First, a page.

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On his deathbed in 1601, the greatest naked-eye astronomer, Tycho Brahe, told his young colleague, Johannes Kepler, "Let me not have lived in vain." For more than thirty years, Tycho had made meticulous observations of planetary movements and the positions of the stars, from which he developed his Tychonic system of the universe-a highly original, if incorrect, scheme that attempted to reconcile the ancient belief in an unmoving Earth with Copernicus's revolutionary re-arrangement of the solar system. Tycho knew that Kepler, the brilliant young mathematician he had engaged to interpret his findings, believed in Copernicus's formation, in which all the planets circled the Sun; and he was afraid his system-the product of a lifetime of effort to explain how the universe worked-would be abandoned.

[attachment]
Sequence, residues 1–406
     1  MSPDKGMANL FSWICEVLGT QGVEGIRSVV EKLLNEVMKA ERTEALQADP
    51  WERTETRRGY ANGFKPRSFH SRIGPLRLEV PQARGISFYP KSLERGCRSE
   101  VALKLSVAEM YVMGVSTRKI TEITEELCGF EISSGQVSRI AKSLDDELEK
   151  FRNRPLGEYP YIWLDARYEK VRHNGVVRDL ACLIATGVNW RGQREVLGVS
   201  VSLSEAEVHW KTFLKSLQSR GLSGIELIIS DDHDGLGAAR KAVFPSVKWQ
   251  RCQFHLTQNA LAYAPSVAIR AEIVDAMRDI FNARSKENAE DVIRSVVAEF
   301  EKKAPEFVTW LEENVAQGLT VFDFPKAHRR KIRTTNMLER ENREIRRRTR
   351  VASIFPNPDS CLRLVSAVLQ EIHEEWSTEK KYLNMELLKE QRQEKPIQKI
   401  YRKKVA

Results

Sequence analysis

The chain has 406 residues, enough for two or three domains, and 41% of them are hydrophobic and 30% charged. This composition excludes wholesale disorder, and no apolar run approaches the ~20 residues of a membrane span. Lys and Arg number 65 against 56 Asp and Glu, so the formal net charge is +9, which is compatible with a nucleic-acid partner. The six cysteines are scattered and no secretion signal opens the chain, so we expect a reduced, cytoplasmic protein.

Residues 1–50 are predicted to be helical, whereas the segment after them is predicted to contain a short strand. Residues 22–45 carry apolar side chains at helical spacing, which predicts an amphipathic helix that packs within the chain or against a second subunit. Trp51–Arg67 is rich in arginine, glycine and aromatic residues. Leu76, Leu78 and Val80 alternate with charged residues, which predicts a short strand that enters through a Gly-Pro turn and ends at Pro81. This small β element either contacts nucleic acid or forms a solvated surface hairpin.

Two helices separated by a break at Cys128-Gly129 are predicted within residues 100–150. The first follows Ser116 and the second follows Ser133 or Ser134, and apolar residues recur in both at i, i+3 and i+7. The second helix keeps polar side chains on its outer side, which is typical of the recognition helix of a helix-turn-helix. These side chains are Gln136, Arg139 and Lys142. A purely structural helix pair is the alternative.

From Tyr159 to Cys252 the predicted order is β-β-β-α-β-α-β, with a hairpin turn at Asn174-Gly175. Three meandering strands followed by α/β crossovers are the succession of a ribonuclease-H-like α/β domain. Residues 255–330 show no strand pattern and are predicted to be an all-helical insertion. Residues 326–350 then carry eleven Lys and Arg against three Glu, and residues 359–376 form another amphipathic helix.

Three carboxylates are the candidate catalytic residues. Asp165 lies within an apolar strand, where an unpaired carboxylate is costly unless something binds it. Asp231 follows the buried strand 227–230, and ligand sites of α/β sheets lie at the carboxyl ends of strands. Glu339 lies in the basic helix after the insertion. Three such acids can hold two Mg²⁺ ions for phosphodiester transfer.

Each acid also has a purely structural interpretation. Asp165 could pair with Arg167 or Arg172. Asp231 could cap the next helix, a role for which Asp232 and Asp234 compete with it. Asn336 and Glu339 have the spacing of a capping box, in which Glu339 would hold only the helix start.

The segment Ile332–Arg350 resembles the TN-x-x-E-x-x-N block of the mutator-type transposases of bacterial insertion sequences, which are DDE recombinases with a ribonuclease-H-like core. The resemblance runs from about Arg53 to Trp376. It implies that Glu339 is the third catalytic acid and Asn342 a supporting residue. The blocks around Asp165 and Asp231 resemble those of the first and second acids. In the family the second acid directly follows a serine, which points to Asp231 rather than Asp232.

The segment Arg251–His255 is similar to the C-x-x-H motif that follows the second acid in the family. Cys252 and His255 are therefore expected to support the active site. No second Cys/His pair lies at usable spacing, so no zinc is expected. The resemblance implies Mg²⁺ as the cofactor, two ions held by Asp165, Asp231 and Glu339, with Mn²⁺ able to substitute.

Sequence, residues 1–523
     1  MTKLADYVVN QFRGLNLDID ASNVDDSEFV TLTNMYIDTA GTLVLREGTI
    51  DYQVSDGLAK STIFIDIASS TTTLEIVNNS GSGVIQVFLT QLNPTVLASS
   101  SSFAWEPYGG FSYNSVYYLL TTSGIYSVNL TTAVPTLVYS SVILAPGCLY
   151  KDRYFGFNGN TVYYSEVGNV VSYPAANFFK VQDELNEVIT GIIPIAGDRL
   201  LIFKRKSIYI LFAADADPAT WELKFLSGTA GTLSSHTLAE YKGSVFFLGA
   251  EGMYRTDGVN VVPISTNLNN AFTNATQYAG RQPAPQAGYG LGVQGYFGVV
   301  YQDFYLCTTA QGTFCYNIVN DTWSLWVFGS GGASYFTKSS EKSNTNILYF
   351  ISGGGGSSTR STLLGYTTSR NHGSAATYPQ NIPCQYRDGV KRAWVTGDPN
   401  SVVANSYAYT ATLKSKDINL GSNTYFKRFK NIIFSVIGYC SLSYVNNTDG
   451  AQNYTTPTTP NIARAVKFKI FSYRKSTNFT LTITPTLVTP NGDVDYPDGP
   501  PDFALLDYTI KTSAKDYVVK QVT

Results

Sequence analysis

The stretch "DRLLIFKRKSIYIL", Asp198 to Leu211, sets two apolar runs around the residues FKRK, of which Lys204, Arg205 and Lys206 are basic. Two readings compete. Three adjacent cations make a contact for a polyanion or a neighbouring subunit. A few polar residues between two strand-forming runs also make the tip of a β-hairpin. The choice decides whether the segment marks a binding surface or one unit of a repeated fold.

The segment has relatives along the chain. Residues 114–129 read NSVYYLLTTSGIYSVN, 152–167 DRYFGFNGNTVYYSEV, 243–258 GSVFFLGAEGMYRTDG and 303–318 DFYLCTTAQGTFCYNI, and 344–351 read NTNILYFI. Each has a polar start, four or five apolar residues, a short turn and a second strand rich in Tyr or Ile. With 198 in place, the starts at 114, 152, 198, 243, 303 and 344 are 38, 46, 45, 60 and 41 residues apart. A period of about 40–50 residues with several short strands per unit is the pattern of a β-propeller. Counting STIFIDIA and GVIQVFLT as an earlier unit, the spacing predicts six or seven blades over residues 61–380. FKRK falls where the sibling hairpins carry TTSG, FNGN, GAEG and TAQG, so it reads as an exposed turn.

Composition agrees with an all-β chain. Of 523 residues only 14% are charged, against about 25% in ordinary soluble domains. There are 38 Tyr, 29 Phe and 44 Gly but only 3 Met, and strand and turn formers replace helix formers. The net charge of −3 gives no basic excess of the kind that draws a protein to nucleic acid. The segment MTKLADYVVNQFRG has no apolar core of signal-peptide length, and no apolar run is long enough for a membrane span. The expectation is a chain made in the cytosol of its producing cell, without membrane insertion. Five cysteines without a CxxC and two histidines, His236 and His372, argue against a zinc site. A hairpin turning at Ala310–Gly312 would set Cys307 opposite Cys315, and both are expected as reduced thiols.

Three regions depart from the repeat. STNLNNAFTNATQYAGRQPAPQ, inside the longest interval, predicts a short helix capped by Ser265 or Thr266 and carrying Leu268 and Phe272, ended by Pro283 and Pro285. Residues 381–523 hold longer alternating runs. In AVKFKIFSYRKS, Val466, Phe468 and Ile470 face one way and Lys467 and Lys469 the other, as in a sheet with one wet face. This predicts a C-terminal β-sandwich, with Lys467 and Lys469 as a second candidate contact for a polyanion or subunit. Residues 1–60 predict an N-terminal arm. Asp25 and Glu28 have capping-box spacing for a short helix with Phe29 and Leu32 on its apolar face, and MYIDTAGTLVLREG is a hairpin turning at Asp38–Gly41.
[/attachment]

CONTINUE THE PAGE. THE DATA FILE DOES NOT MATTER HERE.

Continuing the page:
In point of fact, it was. From his study of Tycho's observations came Kepler's stunning Three Laws of Planetary Motion-ever since the cornerstone of cosmology and our understanding of the heavens. Yet, as Kitty Ferguson reveals, neither of these giant figures would have his reputation today without the other; and the story of how their lives and talents were fatefully intertwined is one of the most memorable sagas in the long history of science.Set in a turbulent and colorful era in European history, at the turning point when medieval gave way to modern, Tycho & Kepler is both a highly original dual biography and a masterful recreation of how science advances. From Tycho's fabulous Uraniborg Observatory on an island off the Danish coast, to the court of the Holy Roman Emperor, Rudolph II, to the religious conflict of the Thirty Years' War that rocked all of Europe, to Kepler's extraordinary leaps of understanding, Ferguson recounts a fascinating interplay of science and religion, politics and personality. Her insights recolor the established personalities of Tycho and Kepler, and her book opens a rich window onto our place in the universe. ... Read more